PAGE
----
Vivian Malta, Angelica Martinez, and Ms. Marina Mendes Tavares
Female-to-male employment in Senegal increased by 14 percentage points between 2006 and 2011. During the same period years of education of the working age population increased 27 percent for females and 13 percent for males, reducing gender gaps in education. In this paper, we quantitatively investigate the impact of this increase in education on female employment in Senegal. To that end, we build an overlapping generations model that captures barriers that women face over their life-cycle. Our main findings are: (i) the improvement in years of education can explain up to 44 percent of the observed increased in female-to-male employment ratio and (ii) the rest can be explained by a decline in the discrimination against women in the labor market.
International Monetary Fund. Middle East and Central Asia Dept.
This Selected Issues paper on the Republic of Armenia seeks to quantify the macroeconomic impact of the government’s reform agenda, which covers three broad areas: tax policy and pension; governance, government efficiency, and corruption; and labor market and competition. Strengthening growth and competitiveness and addressing governance problems requires comprehensive reform efforts. The new government has made it clear that fighting corruption and improving governance remain top priorities. Measures have been proposed to enhance corporate transparency, including through accounting and auditing reforms. A more systematic support program for small and medium-sized enterprises, along with labor market reforms, should also help alleviate unemployment difficulties. The simulations suggest that the government’s tax policy reform can have a positive impact on output in the medium run if it is accompanied by supporting measures. The results suggest that a full implementation of the reform package would yield substantial benefits for the economy. In particular, it could increase real GDP by as much as 7 percent over the long run.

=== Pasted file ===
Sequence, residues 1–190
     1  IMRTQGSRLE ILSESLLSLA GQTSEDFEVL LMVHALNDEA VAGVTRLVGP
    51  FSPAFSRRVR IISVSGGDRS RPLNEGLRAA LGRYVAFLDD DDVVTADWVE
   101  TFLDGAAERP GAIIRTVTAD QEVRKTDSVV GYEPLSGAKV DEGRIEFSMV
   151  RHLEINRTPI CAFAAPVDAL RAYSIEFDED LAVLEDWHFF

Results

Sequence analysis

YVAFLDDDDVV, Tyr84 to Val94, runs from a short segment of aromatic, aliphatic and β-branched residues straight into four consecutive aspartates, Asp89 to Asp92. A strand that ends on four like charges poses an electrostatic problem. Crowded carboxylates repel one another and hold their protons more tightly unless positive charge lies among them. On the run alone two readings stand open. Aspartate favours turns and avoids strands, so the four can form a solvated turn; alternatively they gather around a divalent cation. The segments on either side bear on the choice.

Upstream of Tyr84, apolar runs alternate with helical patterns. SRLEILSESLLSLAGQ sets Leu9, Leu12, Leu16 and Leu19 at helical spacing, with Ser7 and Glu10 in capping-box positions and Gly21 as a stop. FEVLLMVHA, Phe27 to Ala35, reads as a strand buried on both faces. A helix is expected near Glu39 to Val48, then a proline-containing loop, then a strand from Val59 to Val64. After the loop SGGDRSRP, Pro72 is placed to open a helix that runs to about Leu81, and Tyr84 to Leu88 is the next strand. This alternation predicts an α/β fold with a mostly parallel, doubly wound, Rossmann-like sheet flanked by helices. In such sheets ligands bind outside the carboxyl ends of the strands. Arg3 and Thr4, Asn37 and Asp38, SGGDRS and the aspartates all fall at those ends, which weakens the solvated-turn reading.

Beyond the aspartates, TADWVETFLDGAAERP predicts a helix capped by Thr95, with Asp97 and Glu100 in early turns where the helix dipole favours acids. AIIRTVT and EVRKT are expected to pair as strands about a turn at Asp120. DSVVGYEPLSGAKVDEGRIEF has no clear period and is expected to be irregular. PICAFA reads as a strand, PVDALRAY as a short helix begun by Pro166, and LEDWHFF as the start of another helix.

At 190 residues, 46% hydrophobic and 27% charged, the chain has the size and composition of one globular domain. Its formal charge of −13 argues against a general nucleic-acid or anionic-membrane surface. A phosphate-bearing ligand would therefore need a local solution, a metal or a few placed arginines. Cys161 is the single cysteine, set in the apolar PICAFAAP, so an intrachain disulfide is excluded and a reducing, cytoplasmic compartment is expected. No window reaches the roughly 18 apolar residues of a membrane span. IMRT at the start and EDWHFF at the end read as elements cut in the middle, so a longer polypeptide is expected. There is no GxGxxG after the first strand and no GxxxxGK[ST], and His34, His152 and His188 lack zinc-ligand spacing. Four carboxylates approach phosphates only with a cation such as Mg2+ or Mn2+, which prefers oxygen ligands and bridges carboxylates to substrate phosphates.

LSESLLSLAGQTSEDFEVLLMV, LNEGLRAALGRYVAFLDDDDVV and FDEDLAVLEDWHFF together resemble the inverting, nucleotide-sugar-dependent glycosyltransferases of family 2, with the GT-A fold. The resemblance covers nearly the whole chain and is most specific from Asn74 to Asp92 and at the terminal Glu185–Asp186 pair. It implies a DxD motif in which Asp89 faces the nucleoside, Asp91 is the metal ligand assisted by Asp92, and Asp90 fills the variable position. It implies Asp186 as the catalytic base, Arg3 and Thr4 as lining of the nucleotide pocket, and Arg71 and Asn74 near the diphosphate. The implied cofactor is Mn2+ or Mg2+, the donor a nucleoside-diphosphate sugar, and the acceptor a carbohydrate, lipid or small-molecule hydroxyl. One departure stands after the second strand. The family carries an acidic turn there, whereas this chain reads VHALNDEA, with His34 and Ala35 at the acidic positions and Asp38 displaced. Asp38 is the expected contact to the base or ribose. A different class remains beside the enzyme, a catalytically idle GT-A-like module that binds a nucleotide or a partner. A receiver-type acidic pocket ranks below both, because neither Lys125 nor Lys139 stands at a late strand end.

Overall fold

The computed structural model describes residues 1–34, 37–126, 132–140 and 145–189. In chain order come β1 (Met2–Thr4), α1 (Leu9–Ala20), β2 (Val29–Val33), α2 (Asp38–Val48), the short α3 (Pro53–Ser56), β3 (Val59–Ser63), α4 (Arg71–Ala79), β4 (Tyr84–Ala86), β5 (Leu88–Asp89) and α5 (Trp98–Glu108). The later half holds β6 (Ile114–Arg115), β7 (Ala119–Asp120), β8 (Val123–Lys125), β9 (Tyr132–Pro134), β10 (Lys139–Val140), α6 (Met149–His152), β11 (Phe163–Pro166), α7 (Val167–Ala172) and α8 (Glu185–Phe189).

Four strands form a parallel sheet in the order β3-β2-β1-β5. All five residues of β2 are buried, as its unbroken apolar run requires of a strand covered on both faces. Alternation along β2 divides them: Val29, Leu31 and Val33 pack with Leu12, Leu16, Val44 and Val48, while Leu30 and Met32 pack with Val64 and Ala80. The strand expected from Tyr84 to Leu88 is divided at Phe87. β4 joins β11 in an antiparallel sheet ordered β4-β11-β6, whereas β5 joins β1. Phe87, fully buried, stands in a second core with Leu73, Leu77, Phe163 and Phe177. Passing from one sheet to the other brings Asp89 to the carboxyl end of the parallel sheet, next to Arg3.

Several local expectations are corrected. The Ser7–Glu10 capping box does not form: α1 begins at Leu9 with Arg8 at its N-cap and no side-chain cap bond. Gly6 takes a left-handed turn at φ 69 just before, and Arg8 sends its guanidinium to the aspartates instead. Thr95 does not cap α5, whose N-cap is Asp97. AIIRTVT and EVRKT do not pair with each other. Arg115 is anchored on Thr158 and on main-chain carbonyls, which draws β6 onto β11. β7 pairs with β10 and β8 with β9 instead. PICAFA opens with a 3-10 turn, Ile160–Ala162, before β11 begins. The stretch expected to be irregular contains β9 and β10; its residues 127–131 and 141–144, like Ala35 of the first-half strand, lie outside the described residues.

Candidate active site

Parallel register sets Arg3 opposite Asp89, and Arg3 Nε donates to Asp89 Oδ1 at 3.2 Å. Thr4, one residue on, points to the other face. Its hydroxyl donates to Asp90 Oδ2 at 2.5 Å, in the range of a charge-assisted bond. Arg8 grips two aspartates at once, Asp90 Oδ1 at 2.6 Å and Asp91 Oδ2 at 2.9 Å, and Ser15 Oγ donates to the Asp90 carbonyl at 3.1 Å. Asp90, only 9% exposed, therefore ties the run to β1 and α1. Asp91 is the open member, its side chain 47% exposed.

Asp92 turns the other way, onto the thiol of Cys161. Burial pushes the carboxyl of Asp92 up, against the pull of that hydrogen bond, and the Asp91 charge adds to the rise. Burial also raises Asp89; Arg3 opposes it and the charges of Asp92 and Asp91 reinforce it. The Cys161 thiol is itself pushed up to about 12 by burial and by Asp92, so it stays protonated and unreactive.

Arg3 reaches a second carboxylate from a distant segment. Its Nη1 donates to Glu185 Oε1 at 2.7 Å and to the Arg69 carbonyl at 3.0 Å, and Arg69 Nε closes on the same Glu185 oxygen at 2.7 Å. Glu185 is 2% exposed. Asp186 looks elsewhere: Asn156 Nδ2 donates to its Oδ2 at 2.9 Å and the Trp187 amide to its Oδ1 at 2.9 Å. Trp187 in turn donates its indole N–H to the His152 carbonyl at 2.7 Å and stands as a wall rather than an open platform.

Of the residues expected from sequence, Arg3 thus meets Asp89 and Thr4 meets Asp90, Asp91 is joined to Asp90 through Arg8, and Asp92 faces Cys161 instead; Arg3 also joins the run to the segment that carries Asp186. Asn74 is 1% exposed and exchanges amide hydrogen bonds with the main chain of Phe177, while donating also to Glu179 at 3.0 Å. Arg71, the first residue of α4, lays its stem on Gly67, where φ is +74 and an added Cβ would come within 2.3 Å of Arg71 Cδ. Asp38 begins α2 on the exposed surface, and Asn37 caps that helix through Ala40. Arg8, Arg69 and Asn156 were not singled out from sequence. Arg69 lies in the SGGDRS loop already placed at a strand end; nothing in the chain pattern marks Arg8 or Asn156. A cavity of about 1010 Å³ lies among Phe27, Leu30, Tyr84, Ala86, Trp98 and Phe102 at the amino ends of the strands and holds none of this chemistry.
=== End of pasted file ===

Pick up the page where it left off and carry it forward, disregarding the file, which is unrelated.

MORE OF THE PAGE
This Selected Issues paper analyzes the fiscal challenges in Lithuania. Lithuania’s fiscal position has strengthened in recent years. However, medium term challenges are significant given the severe demographic pressures from population aging and net emigration. Lithuania’s net financial worth of the general government is relatively strong compared with other countries in the region although contingent liabilities from the pension system are sizable. The recent reform of the pension system will help make the system more fiscally sustainable. Upcoming reforms should be carefully designed, considering their trade-offs, to ensure social sustainability; reduce old-age poverty; and limit adverse impact on labor supply and informality.
Ms. Sonali Jain-Chandra, Niny Khor, Rui Mano, Johanna Schauer, Mr. Philippe Wingender, and Juzhong Zhuang
China has experienced rapid economic growth over the past two decades and is on the brink of eradicating poverty. However, income inequality increased sharply from the early 1980s and rendered China among the most unequal countries in the world. This trend has started to reverse as China has experienced a modest decline in inequality since 2008. This paper identifies various drivers behind these trends – including structural changes such as urbanization and aging and, more recently, policy initiatives to combat it. It finds that policies will need to play an important role in curbing inequality in the future, as projected structural trends will put further strain on equity considerations. In particular, fiscal policy reforms have the potential to enhance inclusiveness and equity, both on the tax and expenditure side.